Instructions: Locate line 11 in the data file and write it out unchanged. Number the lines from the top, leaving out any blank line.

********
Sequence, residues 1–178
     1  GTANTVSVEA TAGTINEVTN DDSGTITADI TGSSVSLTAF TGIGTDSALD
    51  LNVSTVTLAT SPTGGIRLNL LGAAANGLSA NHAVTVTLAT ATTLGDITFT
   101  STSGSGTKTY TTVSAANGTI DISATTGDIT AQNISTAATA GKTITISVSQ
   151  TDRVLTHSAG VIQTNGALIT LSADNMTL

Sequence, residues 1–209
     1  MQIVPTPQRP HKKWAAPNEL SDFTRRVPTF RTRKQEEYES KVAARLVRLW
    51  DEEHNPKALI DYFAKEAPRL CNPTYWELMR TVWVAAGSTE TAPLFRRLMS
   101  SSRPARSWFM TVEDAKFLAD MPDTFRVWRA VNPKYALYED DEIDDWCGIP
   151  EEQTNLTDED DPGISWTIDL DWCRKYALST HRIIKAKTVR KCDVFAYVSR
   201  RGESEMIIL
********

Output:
   201  RGESEMIIL